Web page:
In its whitepaper released Wednesday on the research titled, “Metrics that Matter: Unlocking the Value in ‘Time to First Contact,’” Hi Marley states that highest-performing claim adjusters (HPCA) resolved claims 10%, or three days, faster than lowest-performing claim adjusters (LPCA).

“A three-day reduction in cycle time is significant. Take an auto claim, for example. An average daily loss of use rental rate associated with most auto insurance policies is approximately $45 per day. A three-day delay for 10,000 claims at an average of $45 per day rental can cost a carrier $1,350,000 per year.”

At 80th percentile of first contact times, which Hi Marley found to be what is “generally considered an adjusters’ mode of operation,” HPCAs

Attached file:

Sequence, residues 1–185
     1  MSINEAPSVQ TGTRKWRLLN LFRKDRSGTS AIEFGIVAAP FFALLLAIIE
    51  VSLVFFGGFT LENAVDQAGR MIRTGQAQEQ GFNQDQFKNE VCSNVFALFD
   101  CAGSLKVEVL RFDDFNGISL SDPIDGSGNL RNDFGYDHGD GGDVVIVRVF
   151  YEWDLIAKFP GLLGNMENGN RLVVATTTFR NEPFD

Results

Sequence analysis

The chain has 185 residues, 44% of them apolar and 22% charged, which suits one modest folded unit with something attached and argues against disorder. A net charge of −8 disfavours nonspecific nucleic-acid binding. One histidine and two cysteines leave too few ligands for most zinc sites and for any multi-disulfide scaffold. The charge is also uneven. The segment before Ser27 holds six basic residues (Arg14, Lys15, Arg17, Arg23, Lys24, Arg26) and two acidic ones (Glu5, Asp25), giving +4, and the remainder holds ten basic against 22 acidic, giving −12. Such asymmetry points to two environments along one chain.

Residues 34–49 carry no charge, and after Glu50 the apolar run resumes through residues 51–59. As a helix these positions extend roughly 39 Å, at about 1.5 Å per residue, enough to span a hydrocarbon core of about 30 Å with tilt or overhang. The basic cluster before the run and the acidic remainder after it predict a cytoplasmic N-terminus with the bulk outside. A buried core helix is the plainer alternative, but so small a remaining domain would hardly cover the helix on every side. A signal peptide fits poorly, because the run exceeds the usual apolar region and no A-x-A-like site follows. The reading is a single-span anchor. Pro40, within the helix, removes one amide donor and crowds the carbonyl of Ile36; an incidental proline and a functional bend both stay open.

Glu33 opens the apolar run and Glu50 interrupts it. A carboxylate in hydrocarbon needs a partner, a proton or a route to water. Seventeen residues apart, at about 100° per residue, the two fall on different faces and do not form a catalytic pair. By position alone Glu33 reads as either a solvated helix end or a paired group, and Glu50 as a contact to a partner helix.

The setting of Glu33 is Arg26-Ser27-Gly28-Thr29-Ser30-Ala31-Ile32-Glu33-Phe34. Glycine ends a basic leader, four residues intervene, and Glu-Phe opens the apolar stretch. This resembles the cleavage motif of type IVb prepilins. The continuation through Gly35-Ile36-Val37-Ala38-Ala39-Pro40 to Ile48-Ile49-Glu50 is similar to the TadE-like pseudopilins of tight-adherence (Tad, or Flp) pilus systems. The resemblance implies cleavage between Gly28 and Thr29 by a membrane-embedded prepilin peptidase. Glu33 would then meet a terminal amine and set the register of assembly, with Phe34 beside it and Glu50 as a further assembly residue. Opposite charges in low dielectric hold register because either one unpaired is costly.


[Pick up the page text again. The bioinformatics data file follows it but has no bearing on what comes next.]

responded, on average, five days faster than LPCAs.

Hi Marley also found — based on the new research, a separate analysis released in March, and a survey by EY on “Claims in A Digital Era” — that five-star experiences matter most to policyholders during their claims process. EY found that 87% of policyholders say the claims experience impacts their decision to remain with insurers.

“Policyholders want the ability to reach their carriers when they need them,” Hi Marley wrote. “In Hi Marley’s survey, the majority of consumers said speed of response is the most important expectation when texting with an insurance provider, followed by 24/7 availability.”